We have lots of films for you to view– including VC productions as well as films from previous LA Asian Pacific Film Festivals.  Unfortunately, we don’t have the capabilities to allow people to borrow them.   If you want to view films, you can do so at our office.

Can you tell me how to convert old formats to newer formats?

Yes! Lots of resources exist online that can help you understand many types of materials (paper, video, digital, etc.) but not all up to archival standards.  Feel free to contact me if you have any questions about your materials.

Can I access the archives on the weekend?

We’re closed on the weekends.  Sorry!

Second, is there an index of archives across the country that collect Asian American community assets?

A specific index of archives that collect Asian American community assets doesn’t exist (that’s very specific!) but you can check ArchiveGrid, which is a nationwide directory of archives.  You can also check more narrow indexes like the Online Archive of California, which lists collections in California repositories.  Plug in any terms and collections with those matching terms will come up.  Happy Hunting!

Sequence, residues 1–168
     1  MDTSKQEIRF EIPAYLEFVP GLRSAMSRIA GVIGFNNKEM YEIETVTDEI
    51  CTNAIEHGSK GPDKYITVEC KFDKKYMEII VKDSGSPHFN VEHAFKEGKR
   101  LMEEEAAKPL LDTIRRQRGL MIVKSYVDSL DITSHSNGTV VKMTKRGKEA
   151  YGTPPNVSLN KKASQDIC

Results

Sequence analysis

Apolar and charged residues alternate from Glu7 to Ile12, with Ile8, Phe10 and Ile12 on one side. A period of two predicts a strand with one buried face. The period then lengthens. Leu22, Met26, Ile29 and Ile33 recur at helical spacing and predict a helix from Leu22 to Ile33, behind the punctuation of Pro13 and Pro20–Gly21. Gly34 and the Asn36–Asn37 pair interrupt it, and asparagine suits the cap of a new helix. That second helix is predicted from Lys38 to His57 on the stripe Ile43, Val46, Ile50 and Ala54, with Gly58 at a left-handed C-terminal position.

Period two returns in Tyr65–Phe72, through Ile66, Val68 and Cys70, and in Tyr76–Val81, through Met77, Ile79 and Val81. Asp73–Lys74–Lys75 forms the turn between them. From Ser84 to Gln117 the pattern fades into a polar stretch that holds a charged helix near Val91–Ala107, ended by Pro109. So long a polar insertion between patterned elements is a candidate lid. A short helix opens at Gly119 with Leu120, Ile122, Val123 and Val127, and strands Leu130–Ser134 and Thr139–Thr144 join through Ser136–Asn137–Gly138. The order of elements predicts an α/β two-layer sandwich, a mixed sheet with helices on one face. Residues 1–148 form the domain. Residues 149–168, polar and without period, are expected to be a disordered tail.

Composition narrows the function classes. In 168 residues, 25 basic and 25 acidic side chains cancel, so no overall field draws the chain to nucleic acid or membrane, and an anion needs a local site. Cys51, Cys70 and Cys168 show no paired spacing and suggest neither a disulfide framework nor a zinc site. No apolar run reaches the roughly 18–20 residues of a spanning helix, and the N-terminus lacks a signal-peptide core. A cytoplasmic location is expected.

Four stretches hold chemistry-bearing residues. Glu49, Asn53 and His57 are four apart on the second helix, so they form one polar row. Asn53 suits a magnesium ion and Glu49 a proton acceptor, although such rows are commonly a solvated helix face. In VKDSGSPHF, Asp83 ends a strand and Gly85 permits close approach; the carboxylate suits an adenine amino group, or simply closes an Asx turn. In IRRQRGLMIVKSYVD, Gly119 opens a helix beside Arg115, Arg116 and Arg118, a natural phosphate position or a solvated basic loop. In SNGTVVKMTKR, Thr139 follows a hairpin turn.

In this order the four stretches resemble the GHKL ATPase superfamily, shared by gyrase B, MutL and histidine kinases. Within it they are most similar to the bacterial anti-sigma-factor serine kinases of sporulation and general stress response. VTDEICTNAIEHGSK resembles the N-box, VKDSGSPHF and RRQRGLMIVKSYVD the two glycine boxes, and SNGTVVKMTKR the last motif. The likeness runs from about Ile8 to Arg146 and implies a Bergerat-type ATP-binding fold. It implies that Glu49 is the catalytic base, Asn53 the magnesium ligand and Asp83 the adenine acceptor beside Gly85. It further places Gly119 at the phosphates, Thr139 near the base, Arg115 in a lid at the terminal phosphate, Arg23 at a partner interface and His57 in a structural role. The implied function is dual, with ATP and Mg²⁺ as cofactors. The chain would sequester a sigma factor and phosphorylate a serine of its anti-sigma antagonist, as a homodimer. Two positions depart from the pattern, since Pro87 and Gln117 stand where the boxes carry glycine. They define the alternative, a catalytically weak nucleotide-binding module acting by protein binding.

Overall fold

Is Historypin a site for APIAs in California/LA only or is it nationwide? Does it include information on adopted Asian Americans?

Historypin is a user-generated, online portal of photo collections that’s based in England, so it’s worldwide!  Institutions and individuals from all over the world have channels on Historypin.  It does not have information on adoptees.

Many people requested workshops related to filmmaking (directing, screenwriting, editing, etc.).  We regularly hold workshops for filmmakers. For more information, please check our website.  You can also contact our Director of Artist Services, Milton Liu, for more questions.

As for archives-related workshops, we’ve held some on digital asset management and photo preservation.  We wanted to host one on how to manage personal collections, but unfortunately did not have enough people sign up.  We’d hold more workshops if the interest was there.  We don’t host online workshops, but many already exist!